No. 567, January Term, 1976, No. 180, January Term, 1978, Appeal from the judgment of conviction of the Court of Common Pleas of Philadelphia County, Criminal Trial Division, at Nos. 1859, 1860, 1862, and 1863, June Sessions, 1975.
Colie B. Chappelle, Philadelphia, for appellant.
Edward G. Rendell, Dist. Atty., Steven H. Goldblatt, Deputy Dist. Atty. for Law, Robert B. Lawler, Chief, Appeals Div., Marrianne E. Cox, Asst. Dist. Attys., Philadelphia, for appellee.
Eagen, C. J., and O'Brien, Roberts, Pomeroy, Nix, Manderino and Larsen, JJ.
This is a direct appeal by appellant Tyrone Werts from the judgments of sentence of murder of the second degree, robbery, criminal conspiracy, possession of an instrument of crime and possession of a prohibited offense weapon which arose from his participation in the robbery and slaying of William Bridgeman. Appellant, through his attorney, has filed an appeal alleging 27 errors. Only two of appellant's contentions warrant discussion.
Appellant's first contention is that the trial court erred in not allowing defense counsel to ask the following questions during the voir dire of prospective jurors:
If you were to hear evidence about a person having used drugs, would you be more inclined to give his testimony less weight than any other witness that you did hear?
If you were to hear testimony concerning drug addiction or use of drugs, do you think, deep down inside of you, you would be inclined to reject any evidence offered by parties indicating that they have used drugs?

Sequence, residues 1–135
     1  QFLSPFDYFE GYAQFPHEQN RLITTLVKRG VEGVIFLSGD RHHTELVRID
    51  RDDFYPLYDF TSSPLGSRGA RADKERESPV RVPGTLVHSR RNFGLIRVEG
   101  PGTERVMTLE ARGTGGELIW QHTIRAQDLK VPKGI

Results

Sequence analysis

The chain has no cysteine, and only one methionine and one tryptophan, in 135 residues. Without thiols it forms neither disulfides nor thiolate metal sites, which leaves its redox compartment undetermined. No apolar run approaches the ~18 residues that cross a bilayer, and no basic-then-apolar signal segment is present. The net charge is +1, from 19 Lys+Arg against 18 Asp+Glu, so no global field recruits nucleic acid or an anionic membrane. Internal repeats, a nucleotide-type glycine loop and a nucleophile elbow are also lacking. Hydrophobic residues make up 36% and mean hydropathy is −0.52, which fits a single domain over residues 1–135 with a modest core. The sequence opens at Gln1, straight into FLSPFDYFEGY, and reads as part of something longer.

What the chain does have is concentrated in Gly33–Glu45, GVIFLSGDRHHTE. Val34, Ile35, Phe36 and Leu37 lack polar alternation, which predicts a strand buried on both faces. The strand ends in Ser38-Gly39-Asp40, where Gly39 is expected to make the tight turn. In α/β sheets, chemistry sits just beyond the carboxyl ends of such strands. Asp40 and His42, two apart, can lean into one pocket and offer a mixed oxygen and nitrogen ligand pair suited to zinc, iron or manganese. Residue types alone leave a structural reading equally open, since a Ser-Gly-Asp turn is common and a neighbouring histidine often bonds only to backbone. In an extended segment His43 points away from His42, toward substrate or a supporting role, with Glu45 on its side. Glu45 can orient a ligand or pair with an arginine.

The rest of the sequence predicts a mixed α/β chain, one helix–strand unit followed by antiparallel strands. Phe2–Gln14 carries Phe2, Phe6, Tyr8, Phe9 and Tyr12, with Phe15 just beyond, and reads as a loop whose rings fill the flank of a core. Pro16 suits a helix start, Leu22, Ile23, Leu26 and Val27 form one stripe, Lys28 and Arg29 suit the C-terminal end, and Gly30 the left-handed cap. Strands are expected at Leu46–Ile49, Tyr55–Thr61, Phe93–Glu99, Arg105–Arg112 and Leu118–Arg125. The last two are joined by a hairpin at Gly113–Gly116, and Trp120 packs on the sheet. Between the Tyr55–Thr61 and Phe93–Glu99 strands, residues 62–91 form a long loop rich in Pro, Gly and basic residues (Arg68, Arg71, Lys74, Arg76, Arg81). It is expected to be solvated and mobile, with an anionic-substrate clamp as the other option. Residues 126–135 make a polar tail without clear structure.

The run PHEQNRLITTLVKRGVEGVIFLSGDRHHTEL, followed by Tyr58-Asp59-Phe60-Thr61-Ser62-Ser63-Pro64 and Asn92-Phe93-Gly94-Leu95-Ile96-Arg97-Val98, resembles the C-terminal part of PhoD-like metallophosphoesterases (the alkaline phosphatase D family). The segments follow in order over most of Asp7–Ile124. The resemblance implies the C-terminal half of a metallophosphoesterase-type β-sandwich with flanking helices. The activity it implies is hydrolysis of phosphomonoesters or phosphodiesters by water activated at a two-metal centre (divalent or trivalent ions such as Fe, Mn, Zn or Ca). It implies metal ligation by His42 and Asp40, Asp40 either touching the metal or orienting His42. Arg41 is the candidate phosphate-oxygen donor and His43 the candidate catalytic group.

This Court has held that "the examination of jurors under voir dire is solely for the purpose of securing a competent, fair, impartial and unprejudiced jury. . . . Neither counsel for the defendant nor the Commonwealth should be permitted to . . . ask direct or hypothetical questions designed to disclose what a juror's present impression or opinion may be or what his attitude or decision will likely be under certain facts which may be developed in the trial of the case." Commonwealth v. Johnson, 452 Pa. 130, 134, 305 A.2d 5, 7 (1973). "A trial court's refusal to permit certain hypothetical questions on voir dire will not be disturbed absent a palpable abuse of discretion." Commonwealth v. England, 474 Pa. 1, 8, 375 A.2d 1292, 1295 (1977).
At the beginning of voir dire, defense counsel stated during a sidebar conference that he wanted to ascertain whether the prospective jurors had "any prejudices or bias that would gravitate against the interest of my client if there is any evidence presented by us to show that my client, perhaps, was using drugs at the time he was arrested, and this may have some effect upon whether he intelligently waived his right to counsel". The trial court did not abuse its discretion in not permitting the aforementioned line of inquiry because defense counsel was improperly trying to determine what the prospective ...